The Next Impeachment

If the Republicans hold the House of Representative, which seems likely thanks to gerrymandering, there are insanely partisan Representatives who’d like to start impeachment hearings against President Hillary Clinton on January 23, 2017, on the grounds that they’ve been trying to catch her at something for more than twenty years, so she must be guilty of something. If somehow enough social conservatives stay loyal to the Republican brand and our next President is Donald J. Trump, he, too, would face impeachment hearings on January 23, 2017, even if the Republicans keep the House. Being caught on tape talking casually about committing sexual assault is simply too horrible to tolerate if any of those politicians want to be reelected in 2018.

Impeachment is a protracted process, as many of us learned in the late-Nineties. A committee has to vote to send articles of impeachment to the full House. Nothing happens in the House without a debate, and then the full House votes — but impeachment is only an indictment, not a conviction. That happens by trial in the Senate. The Senate has convicted people in an impeachment trial before; there have been four convictions in my lifetime, all of Federal judges. Nixon resigned before the House started the inevitable impeachment process; a Federal judge after Nixon was impeached but resigned before his Senate trial. At any rate, if the House starts the slam-dunk impeachment of Trump on January 23, 2017, either Trump declares that he was never serious about being President and resigns on January 24, or he tries to lie his way out of it and is convicted just before Independence Day.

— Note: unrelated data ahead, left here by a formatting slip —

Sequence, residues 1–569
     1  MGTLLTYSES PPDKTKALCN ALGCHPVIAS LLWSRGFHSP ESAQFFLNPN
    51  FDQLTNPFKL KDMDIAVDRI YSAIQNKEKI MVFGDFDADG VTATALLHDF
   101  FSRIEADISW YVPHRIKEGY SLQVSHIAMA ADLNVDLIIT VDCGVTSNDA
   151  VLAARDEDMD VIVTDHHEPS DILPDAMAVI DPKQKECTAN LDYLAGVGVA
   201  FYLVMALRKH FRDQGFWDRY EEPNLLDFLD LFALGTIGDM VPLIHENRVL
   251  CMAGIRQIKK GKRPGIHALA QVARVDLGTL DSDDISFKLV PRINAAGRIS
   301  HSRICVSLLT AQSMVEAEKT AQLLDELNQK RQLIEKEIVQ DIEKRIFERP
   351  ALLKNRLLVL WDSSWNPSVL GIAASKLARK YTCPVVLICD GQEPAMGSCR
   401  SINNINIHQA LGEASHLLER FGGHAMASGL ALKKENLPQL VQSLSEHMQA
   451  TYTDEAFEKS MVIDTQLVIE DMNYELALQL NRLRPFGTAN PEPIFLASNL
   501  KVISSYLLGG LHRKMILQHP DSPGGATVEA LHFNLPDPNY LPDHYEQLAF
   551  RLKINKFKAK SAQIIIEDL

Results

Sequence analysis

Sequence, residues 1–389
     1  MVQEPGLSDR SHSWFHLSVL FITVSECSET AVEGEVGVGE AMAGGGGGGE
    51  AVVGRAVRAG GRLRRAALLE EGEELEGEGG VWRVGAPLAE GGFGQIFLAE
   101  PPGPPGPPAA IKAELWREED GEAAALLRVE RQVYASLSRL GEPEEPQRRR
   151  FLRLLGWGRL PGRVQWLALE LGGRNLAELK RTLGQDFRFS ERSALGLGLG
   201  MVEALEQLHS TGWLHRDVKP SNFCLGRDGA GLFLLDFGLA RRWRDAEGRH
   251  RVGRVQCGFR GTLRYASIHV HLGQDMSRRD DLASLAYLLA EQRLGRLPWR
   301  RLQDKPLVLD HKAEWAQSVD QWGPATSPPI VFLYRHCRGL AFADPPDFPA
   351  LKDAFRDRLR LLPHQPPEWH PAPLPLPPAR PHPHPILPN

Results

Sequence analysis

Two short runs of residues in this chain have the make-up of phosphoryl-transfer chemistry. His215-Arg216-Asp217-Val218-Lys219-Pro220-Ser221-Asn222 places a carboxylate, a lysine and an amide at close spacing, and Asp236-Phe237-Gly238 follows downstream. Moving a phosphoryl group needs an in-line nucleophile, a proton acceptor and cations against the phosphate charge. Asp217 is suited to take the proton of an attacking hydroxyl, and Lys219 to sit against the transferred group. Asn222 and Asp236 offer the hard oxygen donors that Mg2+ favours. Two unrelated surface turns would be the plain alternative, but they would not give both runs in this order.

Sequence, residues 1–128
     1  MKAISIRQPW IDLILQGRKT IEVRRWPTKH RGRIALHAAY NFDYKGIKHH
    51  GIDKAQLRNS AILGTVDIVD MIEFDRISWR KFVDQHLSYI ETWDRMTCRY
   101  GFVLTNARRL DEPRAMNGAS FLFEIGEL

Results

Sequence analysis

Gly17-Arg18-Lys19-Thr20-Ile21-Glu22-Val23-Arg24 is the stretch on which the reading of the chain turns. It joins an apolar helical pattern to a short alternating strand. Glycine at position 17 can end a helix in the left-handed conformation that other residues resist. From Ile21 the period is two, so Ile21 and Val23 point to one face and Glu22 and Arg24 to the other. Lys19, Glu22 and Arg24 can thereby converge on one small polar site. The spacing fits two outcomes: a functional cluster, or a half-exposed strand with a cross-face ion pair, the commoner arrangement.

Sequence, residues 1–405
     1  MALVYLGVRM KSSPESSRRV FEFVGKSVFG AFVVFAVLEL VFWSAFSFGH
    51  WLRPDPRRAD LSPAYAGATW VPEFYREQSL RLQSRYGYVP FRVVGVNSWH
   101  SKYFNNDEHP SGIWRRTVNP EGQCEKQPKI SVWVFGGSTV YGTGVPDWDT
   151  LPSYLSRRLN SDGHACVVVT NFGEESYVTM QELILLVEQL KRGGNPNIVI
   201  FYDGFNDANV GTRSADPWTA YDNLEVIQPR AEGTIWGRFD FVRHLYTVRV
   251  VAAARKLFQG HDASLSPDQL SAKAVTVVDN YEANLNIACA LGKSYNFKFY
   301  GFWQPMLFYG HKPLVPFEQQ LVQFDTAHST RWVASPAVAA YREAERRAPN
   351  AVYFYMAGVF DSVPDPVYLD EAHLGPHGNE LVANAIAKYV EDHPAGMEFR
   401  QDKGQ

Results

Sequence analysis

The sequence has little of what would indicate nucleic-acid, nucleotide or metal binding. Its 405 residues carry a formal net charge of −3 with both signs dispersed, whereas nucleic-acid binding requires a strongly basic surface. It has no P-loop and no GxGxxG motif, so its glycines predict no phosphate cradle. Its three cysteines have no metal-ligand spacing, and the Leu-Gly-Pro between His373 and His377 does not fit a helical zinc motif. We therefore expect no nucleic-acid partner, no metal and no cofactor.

Impeachment requires a vote by two-thirds of the Senate. There’s no way two-thirds of the Senate will be Republican in the next term, even if you throw in a couple of coal state Democrats who are obliged to hate Hillary because of her position on coal. So, the rabble-rousers might try for articles of impeachment, and the feckless House leadership might tolerate it, on the grounds that it’d be a good not to actually deal with Hillary’s legislative agenda, but even if the House plays it out and votes for articles of impeachment, Hillary would be absolved by Independence Day, and she and Bill would be a footnote in history about the first couple of impeachment recipients. Actually, that would be overkill; she’ll be the first woman impeached in US history anyway.

If you accept this logic, then the revelation of the tape today makes this race Clinton v. Pence. At this point, all the scummy things Pence has done, both as Governor of Indiana and as an elected Representative, should come back to haunt him. It’s almost enough to make me wish the last two debates were indeed Clinton v. Pence, but Trump won’t allow himself to admit that his goose is cooked. So, the loyalists to the Republican brand will be happy to have someone with that brand in the White House, whether that’s plausible or not, and won’t admit their disgust until they lock up their chance to pack the Supreme Court. That assumes, of course, they have more luck filling Scalia’s seat than Obama has had. In this polarized age, I wouldn’t take that bet.


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